However, AccuShares, along with Robert Whaley, the father of the VIX, have come up with a different approach with the new Spot VIX products. Instead of holding futures contracts, VXUP and VXDN will hold cash and cash equivalents, such as bills, bonds and notes issued by the U.S. Treasury, to mirror the change in the spot price of the VIX. Share classes increase or decrease in response to daily changes in the spot price. The new proprietary indexing methodology will also cause the ETFs to recalibrate everything on the 15th of every month.

Since the spot VIX ETFs will hold Treasury bills and other fixed-income cash equivalents, investors may also enjoy a small yield. While the monthly distributions may trigger some tax issues, investors would not have to fill out K-1s associated with futures investments but only report taxes on a regular 1099 form.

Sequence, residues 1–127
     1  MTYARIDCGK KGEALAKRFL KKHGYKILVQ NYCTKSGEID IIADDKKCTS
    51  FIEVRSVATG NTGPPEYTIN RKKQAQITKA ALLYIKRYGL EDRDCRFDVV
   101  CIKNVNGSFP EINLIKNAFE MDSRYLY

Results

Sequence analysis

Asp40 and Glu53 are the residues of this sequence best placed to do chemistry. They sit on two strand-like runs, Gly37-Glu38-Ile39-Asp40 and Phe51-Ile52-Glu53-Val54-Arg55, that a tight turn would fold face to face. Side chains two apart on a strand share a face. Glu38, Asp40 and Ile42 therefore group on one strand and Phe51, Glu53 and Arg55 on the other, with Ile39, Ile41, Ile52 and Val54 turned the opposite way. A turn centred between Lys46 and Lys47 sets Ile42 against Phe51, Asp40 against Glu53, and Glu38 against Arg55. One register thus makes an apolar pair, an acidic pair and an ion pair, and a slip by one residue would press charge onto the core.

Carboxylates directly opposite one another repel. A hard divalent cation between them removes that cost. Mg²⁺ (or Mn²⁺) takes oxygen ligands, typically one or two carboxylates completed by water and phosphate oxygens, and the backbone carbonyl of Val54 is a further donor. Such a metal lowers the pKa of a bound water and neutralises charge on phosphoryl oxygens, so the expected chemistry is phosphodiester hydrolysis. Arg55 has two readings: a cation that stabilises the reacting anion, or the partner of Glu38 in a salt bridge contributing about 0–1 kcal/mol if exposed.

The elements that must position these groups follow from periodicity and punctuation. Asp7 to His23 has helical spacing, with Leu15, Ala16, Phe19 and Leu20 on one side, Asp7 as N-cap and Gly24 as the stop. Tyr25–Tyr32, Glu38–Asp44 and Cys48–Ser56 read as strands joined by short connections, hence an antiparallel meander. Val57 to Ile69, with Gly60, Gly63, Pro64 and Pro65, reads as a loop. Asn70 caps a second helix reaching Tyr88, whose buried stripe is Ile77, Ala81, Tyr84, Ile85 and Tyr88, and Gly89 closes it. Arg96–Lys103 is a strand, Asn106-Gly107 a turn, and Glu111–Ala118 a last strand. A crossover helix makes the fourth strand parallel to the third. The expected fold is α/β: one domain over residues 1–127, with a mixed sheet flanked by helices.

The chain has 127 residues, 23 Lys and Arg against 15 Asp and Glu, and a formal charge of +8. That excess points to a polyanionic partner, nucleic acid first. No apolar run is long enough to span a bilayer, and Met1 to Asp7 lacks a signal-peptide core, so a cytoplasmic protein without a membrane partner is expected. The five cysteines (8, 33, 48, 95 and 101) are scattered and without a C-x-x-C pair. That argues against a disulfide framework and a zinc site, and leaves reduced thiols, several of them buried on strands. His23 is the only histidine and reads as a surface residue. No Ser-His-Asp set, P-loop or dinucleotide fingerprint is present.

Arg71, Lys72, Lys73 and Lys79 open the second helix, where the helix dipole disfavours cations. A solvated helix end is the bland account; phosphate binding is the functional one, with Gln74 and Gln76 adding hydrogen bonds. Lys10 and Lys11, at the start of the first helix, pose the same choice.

The two ETFs charge 0.95% per year. Additionally, the long Spot VIX, or VXUP, comes with an additionally 0.15% daily expense to help pay for the short Spot VIX, or VXDN – due to the nature of the VIX, the investment is pretty much guaranteed to go up some time in the future but a short position is also likely to lose money, so the daily fees on VXUP is used to compensate those taking the risk of going short.

The two new spot VIX ETFs may provide a better way to play the Volatility Index, but investors should still consider these investments as tactical trades. Investors should not use these ETFs in a set-and-forget type portfolio since the investments typically require active engagement.

“Investors who do not intend to actively manage and monitor their Fund investments at least as frequently as each distribution date should not buy shares of the Funds,” according to a recent SEC filing.

For more information on new fund products, visit our new ETFs category.